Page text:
97217: The Neighborhood That Gives… and Gives… and Gives…

by Steve, August 26th, 2007

Note: this entry is part of a series on school funding inequity in Portland. Here I do further analysis on the data I originally reported in PPS Divestment by Neighborhood, Illustrated.

Anybody who pays attention to Portland Public Schools and doesn’t live in the “green zone” knows intuitively that PPS is a two-tiered, segregated system. But it is shocking and shameful to dig into the numbers and realize the full extent to which district policy robs literally tens of millions of dollars annually from our poorest neighborhoods and lavishes it on the richest, whitest parts of town.

The poor and working class neighborhoods of Portland showed some serious largess last school year, sending $32 million to the finest neighborhoods in town. The biggest single chunk of that came from 97217.

In 2006-07, Portland Public Schools open transfer policy encouraged a net 1,069 students to take $8.2 million out of that neighborhood. It would look far worse, if not for the fact that Beach’s Spanish immersion program put that school in the green column by $1.2 million. Also, the numbers for Ockley Green are a little fishy, showing over $800,000 in the green and a suspiciously low looking attendance area population of 327. (I’m not sure how PPS is figuring that number, since the K-5 attendance area overlaps with Chief Joseph. Perhaps that 327 is just grades 6-8.)

But the anomalies of Beach and Ockley Green can’t stanch the rivers of cash flowing out of Chief Joseph ($770,000), Penninsula ($191,000), or the biggest single contributor to our wealthier neighborhood schools, Jefferson High.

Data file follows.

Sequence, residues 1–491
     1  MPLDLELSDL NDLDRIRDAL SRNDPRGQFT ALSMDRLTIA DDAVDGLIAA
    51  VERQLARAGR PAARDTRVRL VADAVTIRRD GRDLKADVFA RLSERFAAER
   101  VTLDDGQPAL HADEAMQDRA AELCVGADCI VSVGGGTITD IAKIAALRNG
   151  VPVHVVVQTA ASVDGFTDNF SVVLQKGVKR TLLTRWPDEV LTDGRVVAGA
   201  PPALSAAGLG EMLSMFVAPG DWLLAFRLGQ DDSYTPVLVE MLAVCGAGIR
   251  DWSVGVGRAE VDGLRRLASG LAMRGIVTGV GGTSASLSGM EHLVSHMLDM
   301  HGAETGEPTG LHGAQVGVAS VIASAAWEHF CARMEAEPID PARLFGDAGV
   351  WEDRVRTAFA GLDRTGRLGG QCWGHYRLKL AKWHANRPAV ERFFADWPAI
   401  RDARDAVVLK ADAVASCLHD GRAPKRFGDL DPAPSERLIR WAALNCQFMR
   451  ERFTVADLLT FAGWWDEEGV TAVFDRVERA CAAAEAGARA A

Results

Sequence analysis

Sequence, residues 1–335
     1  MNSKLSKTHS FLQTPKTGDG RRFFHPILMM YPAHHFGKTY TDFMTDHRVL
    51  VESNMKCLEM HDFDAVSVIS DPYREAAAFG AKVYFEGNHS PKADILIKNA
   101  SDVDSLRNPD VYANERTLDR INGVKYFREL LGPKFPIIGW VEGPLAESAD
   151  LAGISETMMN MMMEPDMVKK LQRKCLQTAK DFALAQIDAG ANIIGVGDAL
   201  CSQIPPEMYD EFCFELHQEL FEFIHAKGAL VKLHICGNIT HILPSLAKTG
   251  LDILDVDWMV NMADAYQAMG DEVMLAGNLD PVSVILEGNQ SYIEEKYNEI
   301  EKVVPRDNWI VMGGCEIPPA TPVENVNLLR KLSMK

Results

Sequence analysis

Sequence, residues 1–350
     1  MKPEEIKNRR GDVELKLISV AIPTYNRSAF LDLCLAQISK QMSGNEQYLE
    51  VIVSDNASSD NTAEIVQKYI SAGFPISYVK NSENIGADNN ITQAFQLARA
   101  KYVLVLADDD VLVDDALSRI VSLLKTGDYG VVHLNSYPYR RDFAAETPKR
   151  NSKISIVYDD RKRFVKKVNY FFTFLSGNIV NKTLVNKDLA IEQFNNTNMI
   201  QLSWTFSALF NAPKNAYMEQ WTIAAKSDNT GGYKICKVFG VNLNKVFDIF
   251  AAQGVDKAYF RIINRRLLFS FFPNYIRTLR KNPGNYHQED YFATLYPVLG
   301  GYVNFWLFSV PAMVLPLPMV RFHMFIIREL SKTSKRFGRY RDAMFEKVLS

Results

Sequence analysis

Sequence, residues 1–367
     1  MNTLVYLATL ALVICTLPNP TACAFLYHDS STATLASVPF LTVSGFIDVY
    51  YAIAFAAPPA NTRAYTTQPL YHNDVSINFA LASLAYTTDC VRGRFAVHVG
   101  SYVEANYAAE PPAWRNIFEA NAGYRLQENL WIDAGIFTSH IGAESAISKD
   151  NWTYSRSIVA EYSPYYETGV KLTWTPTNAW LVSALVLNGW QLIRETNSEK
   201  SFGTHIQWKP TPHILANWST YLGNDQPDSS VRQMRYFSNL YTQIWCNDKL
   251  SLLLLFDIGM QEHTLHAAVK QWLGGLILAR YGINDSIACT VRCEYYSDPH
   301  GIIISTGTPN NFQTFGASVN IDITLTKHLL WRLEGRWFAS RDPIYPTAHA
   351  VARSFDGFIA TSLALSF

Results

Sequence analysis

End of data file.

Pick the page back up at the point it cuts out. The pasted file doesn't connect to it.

Yes, that’s right folks, the only majority-black high school in Oregon, serving the poorest neighborhoods of Portland, is giving $9 million annually to our whiter, richer neighborhood high schools across town.

How can we live with this? I’ve heard the argument that open transfers were needed to save the district. Maybe they did, but the district that survived is horribly disfigured, and the demographic trends have radically changed in recent years any way. More and more middle class families are moving into the red zone. It’s disgraceful what they will find when their children reach school age.

We need to scrap the open transfer policy now, before our schools are disfigured beyond recognition. We have the infrastructure and demographics in place for a first class, equitable, integrated school system in Portland. The fact that we have a two-tiered, segregated system is a result of policy. That policy must change.

School budget per student enrollment neighborhood PPS population +/-
Beach 5449 475 246 1247821
Chief Joseph 5278 359 505 -770588
Humboldt 6518 240 286 -299828
Jefferson 7614 566 1751 -9022590
Ockley Green 6973 442 327 801895
Peninsula 5320 299 335 -191520
97217 total: -8234810

Source: Portland Public Schools.

4 Responses to “97217: The Neighborhood That Gives… and Gives… and Gives…”

  1. Comment from Elizabeth:

    Interesting numbers. I live in 97217….and we homeschool. We’ve been kicking around the idea of our oldest attending high school, though, and sending her to Jefferson terrifies me. But I can see the validity of all your arguments for keeping it at home. I don’t know what the solution is (besides maybe keep on homeschooling?).